How to pay it forward in eating disorder recovery
Post recovery eating disorder survivors are so thankful for their treatment and healing that many become passionate about prevention and treatment. Today on the Recovery Blog we are featuring some fabulous organizations and methods for fighting eating disorders after treatment. Read on!
While undergoing treatment for anorexia, 19-year-old Dayna Altman started making string bracelets, naming them after people who inspired her recovery and trading them back and forth with her sister back home. Now she is using the bracelets to spread hope to others affected by eating disorders, and to urge young women to forge their own definitions of beauty.“Beauty is different to different people” and shouldn’t be defined by magazines or movie stars” Altman says.
Spurred to action by her ordeal, Dayna and her 16-year-old sister, Jamie, created the company BeaYOUtiful Bracelets. The website, which urges young women to find beauty within themselves through monthly videos, sells bracelets to raise money for the National Eating Disorders Association. Through BeaYOUtiful you can purchase bracelets that fund eating disorder treatment and or create a video for the BeaYOUtiful website telling others the beauty within yourself. Check out: BeaYOUtiful.org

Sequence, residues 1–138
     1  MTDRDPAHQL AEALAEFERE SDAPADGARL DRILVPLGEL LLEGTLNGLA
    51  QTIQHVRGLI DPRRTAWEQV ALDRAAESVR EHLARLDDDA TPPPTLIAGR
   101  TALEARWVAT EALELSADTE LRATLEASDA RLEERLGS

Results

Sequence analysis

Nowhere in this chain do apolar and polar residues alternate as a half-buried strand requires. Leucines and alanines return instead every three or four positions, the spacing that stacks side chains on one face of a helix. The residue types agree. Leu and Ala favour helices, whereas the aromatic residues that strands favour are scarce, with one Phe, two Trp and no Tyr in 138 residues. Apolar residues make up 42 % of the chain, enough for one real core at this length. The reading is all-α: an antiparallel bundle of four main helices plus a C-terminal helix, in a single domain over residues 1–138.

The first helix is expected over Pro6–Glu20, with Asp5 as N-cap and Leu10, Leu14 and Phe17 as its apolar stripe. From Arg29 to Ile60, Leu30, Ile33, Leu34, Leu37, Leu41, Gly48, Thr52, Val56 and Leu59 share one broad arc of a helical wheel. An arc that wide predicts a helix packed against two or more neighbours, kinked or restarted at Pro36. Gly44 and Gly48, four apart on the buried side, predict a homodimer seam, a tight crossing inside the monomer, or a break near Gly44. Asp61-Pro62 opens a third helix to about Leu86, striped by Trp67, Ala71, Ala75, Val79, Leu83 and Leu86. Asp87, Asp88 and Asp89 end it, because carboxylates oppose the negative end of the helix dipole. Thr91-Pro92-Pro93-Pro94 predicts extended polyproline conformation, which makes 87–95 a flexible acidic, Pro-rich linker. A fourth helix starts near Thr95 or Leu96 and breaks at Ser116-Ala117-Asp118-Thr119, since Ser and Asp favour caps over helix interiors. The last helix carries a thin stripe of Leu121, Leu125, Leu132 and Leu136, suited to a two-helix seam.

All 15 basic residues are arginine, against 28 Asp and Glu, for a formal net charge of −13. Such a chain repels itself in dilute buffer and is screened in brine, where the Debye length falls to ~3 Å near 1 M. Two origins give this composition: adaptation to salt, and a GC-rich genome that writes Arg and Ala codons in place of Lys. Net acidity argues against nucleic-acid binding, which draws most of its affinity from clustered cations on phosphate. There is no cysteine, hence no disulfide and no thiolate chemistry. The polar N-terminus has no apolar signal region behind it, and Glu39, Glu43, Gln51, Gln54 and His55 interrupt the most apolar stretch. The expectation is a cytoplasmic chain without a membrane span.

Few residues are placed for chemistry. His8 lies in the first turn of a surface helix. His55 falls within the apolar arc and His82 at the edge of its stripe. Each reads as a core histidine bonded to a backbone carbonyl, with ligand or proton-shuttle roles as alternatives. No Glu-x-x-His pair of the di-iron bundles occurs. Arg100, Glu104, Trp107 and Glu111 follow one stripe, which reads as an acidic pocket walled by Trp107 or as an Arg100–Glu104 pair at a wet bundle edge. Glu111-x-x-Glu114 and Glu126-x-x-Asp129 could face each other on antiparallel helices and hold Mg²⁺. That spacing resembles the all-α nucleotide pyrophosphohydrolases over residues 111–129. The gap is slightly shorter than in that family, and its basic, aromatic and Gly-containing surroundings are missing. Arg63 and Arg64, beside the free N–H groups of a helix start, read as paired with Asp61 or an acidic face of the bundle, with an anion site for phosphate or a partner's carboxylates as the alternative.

Cover Girl Culture
Nicole Clark is a former Elite International model. She chose to make Cover Girl Culture a documentary about the medias effect on girls and to help bring about positive change in the media. She gained valuable insights into the inner workings of the fashion & advertising worlds and has become an expert on the impact the media has on our girls, namely the sexualization of girls and pressures on them to be thin and pretty. Nicole steps forward with her documentary to share her knowledge with girls and women.
You can join Nicole’s advocacy work by bringing her in to host a workshop at your local school or by purchasing her DVD and showing it to your friends. Check out: CoverGirlCulture.com
Eating for Life
The Eating For Life Alliance is dedicated to making user-friendly information, resources and the knowledge of the nation’s experts- available to everyone. Their focus is predominantly on college campuses. College is not only a time when eating disorders often develop — but an excellent time to address eating disorders and heal from them.